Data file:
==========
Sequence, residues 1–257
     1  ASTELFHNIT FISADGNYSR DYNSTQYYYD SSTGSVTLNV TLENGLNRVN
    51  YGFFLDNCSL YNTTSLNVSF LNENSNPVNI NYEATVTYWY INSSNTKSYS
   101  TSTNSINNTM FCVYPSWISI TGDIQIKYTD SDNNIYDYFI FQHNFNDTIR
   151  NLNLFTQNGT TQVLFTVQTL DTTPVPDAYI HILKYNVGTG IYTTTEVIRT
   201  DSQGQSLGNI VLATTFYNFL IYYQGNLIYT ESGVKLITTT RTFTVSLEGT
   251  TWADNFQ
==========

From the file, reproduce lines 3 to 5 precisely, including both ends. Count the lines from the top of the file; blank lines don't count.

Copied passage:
    51  YGFFLDNCSL YNTTSLNVSF LNENSNPVNI NYEATVTYWY INSSNTKSYS
   101  TSTNSINNTM FCVYPSWISI TGDIQIKYTD SDNNIYDYFI FQHNFNDTIR
   151  NLNLFTQNGT TQVLFTVQTL DTTPVPDAYI HILKYNVGTG IYTTTEVIRT